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Object Identity

 [1/2] from: sergio::ruocco::disco::unimib::it at: 23-Feb-2003 11:33

Hi, My friend Romano told me of issues you are having about identity and sameness in Rebol. I stumbled in this paper, maybe could be helpful to your discussion. Ciao, Sergio -- ______________________________________________________________________ Sergio Ruocco CS PhD student mailto:[sergio--ruocco--disco--unimib--it] building U7, 4th floor, room 472 UniversitÓ Statale di Milano-Bicocca via Bicocca degli Arcimboldi 8 phone: ++39 02 6448 7874 20126 Milano cell: ++39 347 2519828

 [2/2] from: joel:neely:fedex at: 23-Feb-2003 8:03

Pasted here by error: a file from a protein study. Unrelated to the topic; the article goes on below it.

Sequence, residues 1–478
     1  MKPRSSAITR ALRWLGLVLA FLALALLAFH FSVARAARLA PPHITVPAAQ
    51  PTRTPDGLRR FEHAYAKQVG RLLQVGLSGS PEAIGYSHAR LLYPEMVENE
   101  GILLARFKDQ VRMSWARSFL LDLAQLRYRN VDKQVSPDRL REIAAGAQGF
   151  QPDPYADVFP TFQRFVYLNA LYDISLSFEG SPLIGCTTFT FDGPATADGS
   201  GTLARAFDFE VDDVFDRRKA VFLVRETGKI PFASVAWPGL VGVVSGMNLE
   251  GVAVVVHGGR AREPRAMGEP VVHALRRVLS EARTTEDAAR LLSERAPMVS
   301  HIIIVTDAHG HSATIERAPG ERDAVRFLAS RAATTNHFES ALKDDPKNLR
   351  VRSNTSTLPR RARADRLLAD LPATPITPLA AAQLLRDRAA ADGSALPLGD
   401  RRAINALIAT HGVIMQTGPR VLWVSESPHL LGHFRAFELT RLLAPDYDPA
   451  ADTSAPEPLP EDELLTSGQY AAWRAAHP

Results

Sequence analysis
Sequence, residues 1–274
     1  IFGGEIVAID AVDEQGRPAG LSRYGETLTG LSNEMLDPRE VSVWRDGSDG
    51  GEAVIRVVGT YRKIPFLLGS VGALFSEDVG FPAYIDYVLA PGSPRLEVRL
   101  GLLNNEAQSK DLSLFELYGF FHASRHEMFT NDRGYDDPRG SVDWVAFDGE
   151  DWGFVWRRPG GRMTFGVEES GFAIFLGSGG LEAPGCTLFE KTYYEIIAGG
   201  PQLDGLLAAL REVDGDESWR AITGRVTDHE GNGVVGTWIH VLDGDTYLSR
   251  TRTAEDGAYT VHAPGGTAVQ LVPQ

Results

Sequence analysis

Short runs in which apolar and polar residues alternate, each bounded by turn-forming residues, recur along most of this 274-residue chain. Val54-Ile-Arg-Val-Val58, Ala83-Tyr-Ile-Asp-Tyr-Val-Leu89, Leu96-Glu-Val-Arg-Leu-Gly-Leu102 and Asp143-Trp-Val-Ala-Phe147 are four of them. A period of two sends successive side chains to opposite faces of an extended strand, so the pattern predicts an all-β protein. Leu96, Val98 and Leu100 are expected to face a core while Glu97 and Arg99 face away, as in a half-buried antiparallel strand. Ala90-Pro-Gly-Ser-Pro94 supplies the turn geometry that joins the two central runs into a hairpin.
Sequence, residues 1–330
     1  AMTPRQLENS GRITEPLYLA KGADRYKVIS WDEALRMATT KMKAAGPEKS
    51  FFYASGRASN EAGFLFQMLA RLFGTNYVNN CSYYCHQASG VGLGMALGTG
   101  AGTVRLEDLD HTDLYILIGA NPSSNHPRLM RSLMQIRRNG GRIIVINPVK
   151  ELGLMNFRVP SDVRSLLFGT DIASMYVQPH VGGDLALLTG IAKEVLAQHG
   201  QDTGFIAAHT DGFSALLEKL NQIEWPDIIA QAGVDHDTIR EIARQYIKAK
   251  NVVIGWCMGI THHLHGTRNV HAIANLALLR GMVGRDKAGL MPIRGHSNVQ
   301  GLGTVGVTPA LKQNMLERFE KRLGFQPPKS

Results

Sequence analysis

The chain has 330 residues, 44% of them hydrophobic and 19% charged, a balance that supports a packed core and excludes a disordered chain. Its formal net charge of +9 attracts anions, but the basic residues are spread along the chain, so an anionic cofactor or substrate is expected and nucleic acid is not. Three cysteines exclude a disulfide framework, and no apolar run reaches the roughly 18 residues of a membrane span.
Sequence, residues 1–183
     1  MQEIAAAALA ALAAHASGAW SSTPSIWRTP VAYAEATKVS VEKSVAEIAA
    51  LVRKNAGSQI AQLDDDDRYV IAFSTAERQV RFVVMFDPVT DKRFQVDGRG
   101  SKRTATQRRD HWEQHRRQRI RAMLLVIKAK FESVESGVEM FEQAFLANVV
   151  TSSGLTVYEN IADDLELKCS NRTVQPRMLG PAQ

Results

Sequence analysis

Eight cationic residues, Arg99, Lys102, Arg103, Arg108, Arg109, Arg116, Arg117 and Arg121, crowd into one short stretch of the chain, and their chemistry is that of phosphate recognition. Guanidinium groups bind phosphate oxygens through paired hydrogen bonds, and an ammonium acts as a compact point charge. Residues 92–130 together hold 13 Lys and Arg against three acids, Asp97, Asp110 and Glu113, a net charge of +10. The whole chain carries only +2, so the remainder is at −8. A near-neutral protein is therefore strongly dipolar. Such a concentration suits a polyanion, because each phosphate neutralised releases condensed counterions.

Hi, Sergio, Thanks for the reference. At a first read, it appears to identify some pros and cons for even being able to test identity from a fairly "pure OO" perspective. REBOL has some characteristics that differ from the mainstream object-oriented model: 1) OBJECT! is only one of many data types, but values of many standard data types can be thought of as entities with composite state and type-specific behavior; 2) REBOL's type system is highly dynamic: 2a) it takes a unique "definitional" approach to binding time; 2b) all types (almost) are first-class; 2c) there's a high degree of reflectivity; 2d) it's object model is totally classless, without the use of encapsulation or inheritance -- an object can serve as an exemplar for creating a new object, but there are no class-to-subclass, class-to-instance, parent-to-child, or prototype/delegate relationships as found in various other languages; 2e) once created, an object's attributes may be examined or redefined (e.g. replacing a method with a scalar value, replacing one method with another -- although binding is a bit tricky at that point). With all of that said, perhaps you have thoughts on some other issues that were part of the discussion: 1) What does "identity" mean for non-object types? (e.g. are all occurrences of the integer 2 to be identified or not? If so, should instances of 2.0 be identified with 2?) 2) What should "equality" mean for functions? 3) What should "equality" mean for objects (which can have attributes of type FUNCTION!)? Sergio Ruocco wrote: